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Anna Stodter and Christopher J. Cushion

Recent perspectives concerning the learning and professional development of sport coaches have underlined a need to investigate social, relational, contextual and theoretical issues in increasingly sophisticated and pragmatic empirical approaches ( Lyle, 2018 ; Townsend, Cushion, & Smith, 2017

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Diane Benish, Jody Langdon and Brian Culp

Researchers have indicated that the coach development process begins when the coach is still an athlete ( Cushion, Armour, & Jones, 2003 ), wherein the individual learns about the coaching role through interactions with a variety of coaches over the course of their athletic career. These previous

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Scott Douglas, William R. Falcão and Gordon A. Bloom

In 1986, the U.S. Olympic Committee on Sport for the Disabled concluded that advancing disability sport would require empirical coaching research specific to this domain, as well as attention to the selection and training programs of these coaches ( Reid & Prupas, 1998 ). More than a decade after

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Amy Waters, Elissa Phillips, Derek Panchuk and Andrew Dawson

practitioners work closely with coaches to improve an athlete’s performance ( Collins, Burke, Martindale, & Cruickshank, 2015 ). Sport scientists and coaches view sprinting performance through distinct lenses based on their different experience and roles. On one hand, sport scientists may be generally more

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Rui Resende, Pedro Sequeira and Hugo Sarmento

The purpose of this paper is to provide an overview of coaching and coaching education in Portugal. In Portugal, sport coaching is traditionally considered a part-time vocation. There has been a growing concern of the Portuguese authorities to increase the standards of quality for sport coaching. Following the 1974 revolution there were profound alterations in how coaching and coach education are regulated. The legislative changes in coach education occurred mainly due to the harmonisation of the qualifications in the European Union. More recently, the responsibility for coach certification has moved from the different sports federations to a national sports organization that has created four grades of coach education. Coach education in all grades requires a general and a specific curricular component as well as an internship supervised by an accredited mentor. The academic formation is now well regulated. However, some sport federations are resistant to this academic certification process because they fear losing their exclusive control of their coach certification.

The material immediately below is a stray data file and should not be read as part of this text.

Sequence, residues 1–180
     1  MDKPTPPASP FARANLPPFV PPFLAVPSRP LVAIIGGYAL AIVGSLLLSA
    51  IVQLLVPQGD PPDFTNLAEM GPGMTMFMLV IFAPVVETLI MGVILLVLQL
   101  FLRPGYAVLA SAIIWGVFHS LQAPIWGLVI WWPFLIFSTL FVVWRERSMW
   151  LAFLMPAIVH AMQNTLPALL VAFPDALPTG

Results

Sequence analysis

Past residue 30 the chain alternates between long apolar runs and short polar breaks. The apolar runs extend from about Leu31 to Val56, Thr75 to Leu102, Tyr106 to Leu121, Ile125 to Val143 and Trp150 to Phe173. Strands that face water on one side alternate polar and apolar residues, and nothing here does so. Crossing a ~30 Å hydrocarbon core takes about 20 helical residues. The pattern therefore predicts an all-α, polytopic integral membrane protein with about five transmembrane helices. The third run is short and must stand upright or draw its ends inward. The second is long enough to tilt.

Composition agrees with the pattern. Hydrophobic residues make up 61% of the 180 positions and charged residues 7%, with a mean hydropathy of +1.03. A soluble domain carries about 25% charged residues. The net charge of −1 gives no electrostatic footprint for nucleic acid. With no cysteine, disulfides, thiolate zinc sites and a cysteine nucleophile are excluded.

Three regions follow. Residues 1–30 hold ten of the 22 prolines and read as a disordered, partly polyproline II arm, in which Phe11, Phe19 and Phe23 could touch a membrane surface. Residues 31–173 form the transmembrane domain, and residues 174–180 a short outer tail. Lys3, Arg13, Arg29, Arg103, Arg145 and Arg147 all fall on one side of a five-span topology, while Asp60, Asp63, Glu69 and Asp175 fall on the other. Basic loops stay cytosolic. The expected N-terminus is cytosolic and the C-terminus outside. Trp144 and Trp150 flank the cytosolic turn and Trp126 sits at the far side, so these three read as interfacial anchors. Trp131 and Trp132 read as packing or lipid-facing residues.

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François Lemyre, Pierre Trudel and Natalie Durand-Bush

Researchers have investigated how elite or expert coaches learn to coach, but very few have investigated this process with coaches at the recreational or developmental-performance levels. Thirty-six youth-sport coaches (ice hockey, soccer, and baseball) were each interviewed twice to document their learning situations. Results indicate that (a) formal programs are only one of the many opportunities to learn how to coach; (b) coaches’ prior experiences as players, assistant coaches, or instructors provide them with some sport-specific knowledge and allow them to initiate socialization within the subculture of their respective sports; (c) coaches rarely interact with rival coaches; and (d) there are differences in coaches’ learning situations between sports. Reflections on who could help coaches get the most out of their learning situations are provided.

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Samuel T. Forlenza, Scott Pierce, Robin S. Vealey and John Mackersie

Research has identified confidence as an important construct that positively affects sport participation and performance ( Vealey & Chase, 2008 ). Identifying and understanding what actions help athletes feel more confident is therefore an important part of coaching. Indeed, athletes identify

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Brad Thatcher, Georgi Ivanov, Mihaly Szerovay and Graham Mills

become increasingly accessible, sports performance has emerged as an area of interest, specifically in how coaches can obtain value from the use of VEs. In addition, as VR software and hardware components have become more powerful and less expensive, the sophistication of responsive sports-themed VEs has

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Laura St. Germain, Amanda M. Rymal and David J. Hancock

described deliberate play as a critical component of elite performance, whereby athletes learn skills through exploration and creativity. Though elite sport performance is influenced by several other factors (e.g., genetics, psychology, access to coaches, social support, and birth advantages; see Baker

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Anne O’Dwyer and Richard Bowles

This paper provides an insight into how two volunteer coaches, Richard and Anne, supported each other’s learning as they coached a university-level Gaelic football team. Richard and Anne both work in the faculty of education in the university. They were both interested in improving their own